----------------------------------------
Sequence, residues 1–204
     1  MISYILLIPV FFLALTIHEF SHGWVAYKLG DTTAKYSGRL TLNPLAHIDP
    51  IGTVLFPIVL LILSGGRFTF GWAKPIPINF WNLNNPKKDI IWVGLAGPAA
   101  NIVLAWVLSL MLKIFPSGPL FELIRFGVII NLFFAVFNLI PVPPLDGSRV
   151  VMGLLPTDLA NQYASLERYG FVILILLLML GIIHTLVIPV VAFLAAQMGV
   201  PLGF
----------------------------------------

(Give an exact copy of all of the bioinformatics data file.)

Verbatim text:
Sequence, residues 1–204
     1  MISYILLIPV FFLALTIHEF SHGWVAYKLG DTTAKYSGRL TLNPLAHIDP
    51  IGTVLFPIVL LILSGGRFTF GWAKPIPINF WNLNNPKKDI IWVGLAGPAA
   101  NIVLAWVLSL MLKIFPSGPL FELIRFGVII NLFFAVFNLI PVPPLDGSRV
   151  VMGLLPTDLA NQYASLERYG FVILILLLML GIIHTLVIPV VAFLAAQMGV
   201  PLGF